1. Please be careful “digging out … old bag(s)” of baking products, particularly flour, which has a definite shelf life. They say the best way to test if it is safe to use is to smell it — which many people can’t do when they have Covid! Really, really don’t want you to end up with food poisoning after you recover from the Covid infection. I’m channeling Roseanne Roseannadanna from the old SNL episodes: “It just goes to show ya. It’s always something. If it’s not one thing, it’s another!”

  2. Covid is certainly a wizard of a virus. It affects people in so many different ways. I got nailed in January along with my husband. He had more of the respiratory symptoms and I had a lot of digestive issues yet we both tested positive for the same virus. It took me awhile to recover but everyday is better. Both of us still have moments of fatigue and we have learned to respond accordingly. I’m lucky I was able to retire in June, Kevin has 6 months to go before retiring. As I have learned to listen to my body my body has continued to heal. Sending positive healing thoughts to you and Jon!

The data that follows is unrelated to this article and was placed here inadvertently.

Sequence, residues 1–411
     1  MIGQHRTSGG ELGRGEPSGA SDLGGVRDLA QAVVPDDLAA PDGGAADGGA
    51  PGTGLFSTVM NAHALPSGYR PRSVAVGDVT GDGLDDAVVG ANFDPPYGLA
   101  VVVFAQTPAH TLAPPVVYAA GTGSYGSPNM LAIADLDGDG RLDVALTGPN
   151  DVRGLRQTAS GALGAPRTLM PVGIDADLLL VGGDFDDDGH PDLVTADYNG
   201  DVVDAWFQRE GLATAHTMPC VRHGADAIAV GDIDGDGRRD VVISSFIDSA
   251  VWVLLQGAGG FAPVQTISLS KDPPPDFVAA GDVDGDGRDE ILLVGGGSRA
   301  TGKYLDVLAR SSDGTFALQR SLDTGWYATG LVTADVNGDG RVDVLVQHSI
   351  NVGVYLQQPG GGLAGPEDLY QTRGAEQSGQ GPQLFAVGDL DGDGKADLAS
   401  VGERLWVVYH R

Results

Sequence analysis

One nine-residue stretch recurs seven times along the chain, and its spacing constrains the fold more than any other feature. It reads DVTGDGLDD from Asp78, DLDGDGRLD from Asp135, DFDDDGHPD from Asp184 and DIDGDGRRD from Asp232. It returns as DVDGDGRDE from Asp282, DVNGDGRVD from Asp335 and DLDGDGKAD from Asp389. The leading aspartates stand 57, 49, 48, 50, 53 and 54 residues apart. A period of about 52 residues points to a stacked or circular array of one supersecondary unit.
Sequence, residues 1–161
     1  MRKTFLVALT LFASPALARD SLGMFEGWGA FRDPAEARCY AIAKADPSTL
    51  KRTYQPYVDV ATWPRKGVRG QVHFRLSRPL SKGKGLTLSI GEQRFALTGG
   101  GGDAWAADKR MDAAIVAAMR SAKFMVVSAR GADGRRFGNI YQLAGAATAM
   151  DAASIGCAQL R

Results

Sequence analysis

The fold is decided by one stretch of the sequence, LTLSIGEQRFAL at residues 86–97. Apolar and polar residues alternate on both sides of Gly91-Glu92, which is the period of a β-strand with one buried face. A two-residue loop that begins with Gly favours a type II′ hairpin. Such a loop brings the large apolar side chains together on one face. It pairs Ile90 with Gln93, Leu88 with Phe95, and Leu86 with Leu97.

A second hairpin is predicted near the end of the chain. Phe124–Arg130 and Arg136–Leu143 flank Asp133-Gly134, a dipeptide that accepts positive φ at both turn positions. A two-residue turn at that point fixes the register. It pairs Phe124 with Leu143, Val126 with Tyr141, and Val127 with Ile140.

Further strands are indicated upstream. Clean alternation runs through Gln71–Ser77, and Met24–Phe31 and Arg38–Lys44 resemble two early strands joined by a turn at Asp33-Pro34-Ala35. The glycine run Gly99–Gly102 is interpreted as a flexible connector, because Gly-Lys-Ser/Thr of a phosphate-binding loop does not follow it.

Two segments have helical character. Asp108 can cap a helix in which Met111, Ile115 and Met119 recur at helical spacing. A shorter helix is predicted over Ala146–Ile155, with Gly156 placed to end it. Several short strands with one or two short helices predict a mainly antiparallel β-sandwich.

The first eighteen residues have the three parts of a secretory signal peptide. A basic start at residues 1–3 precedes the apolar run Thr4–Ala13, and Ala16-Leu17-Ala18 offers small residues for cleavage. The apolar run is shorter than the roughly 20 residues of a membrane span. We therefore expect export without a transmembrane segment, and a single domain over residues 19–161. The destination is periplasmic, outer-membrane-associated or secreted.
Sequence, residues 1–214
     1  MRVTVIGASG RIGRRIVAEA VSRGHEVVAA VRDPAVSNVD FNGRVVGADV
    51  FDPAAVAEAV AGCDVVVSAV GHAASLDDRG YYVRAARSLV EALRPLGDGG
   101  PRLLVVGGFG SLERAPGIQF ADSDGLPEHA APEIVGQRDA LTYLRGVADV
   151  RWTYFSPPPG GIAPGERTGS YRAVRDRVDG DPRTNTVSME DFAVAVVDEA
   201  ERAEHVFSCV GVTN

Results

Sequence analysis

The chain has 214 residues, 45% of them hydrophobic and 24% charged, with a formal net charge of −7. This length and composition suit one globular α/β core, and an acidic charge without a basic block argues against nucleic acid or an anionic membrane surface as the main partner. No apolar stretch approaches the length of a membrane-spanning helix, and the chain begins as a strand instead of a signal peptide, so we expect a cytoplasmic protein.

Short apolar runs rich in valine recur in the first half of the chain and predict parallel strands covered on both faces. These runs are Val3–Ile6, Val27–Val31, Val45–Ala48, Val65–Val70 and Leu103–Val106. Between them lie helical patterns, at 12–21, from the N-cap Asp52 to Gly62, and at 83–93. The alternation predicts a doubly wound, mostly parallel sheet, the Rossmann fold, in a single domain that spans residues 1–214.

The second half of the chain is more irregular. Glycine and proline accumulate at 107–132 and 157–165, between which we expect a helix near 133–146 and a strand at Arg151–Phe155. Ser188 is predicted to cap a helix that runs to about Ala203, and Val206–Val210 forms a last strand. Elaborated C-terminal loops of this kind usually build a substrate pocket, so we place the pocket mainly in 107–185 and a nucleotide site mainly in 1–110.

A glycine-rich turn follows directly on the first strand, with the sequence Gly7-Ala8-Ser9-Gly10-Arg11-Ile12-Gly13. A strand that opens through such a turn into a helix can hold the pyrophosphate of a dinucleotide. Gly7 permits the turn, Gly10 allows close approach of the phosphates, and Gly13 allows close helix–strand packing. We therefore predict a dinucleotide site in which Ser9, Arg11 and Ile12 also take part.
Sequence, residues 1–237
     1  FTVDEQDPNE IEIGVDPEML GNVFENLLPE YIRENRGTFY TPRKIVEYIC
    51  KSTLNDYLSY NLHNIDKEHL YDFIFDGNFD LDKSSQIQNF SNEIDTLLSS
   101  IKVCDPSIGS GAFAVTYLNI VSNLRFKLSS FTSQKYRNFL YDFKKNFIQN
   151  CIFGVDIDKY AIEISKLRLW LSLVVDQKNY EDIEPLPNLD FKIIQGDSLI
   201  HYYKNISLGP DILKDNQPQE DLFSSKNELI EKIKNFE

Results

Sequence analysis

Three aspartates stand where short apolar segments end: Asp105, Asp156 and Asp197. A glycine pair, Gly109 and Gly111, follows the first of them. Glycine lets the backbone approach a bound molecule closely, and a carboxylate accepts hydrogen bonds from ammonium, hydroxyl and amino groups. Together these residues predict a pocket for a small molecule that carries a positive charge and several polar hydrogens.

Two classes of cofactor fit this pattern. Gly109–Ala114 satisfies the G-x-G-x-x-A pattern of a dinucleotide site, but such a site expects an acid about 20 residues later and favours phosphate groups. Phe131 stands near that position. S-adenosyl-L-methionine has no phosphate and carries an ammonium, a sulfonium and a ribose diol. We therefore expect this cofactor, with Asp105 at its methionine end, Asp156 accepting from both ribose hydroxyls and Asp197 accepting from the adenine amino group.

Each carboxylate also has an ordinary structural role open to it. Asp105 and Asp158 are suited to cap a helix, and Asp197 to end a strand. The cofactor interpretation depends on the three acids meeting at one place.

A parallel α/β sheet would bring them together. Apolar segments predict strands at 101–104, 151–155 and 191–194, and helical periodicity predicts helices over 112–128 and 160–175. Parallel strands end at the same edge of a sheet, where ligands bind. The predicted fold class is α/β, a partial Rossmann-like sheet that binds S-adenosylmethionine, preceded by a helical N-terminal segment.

3. You have written a wonderful treatment plan for healing here in this post. “Yes listen to your body” treatment plan More Saturdays activities And more ginger tea and raw honey rest for you both. Comrade with the donkeys and commune with nature As l know many more also are too sending you get well wishes

    1. That does sound good Grandma Diane. Thanks for putting in simple words that make it easy to follow. So often I don’t listen to myself. 🙂

  4. oh Maria, focus on a personal mantra when those negative thoughts come up: I will be better soon, my life will return to normal, Jon will be better soon. Ask the animals spirits to help heal you.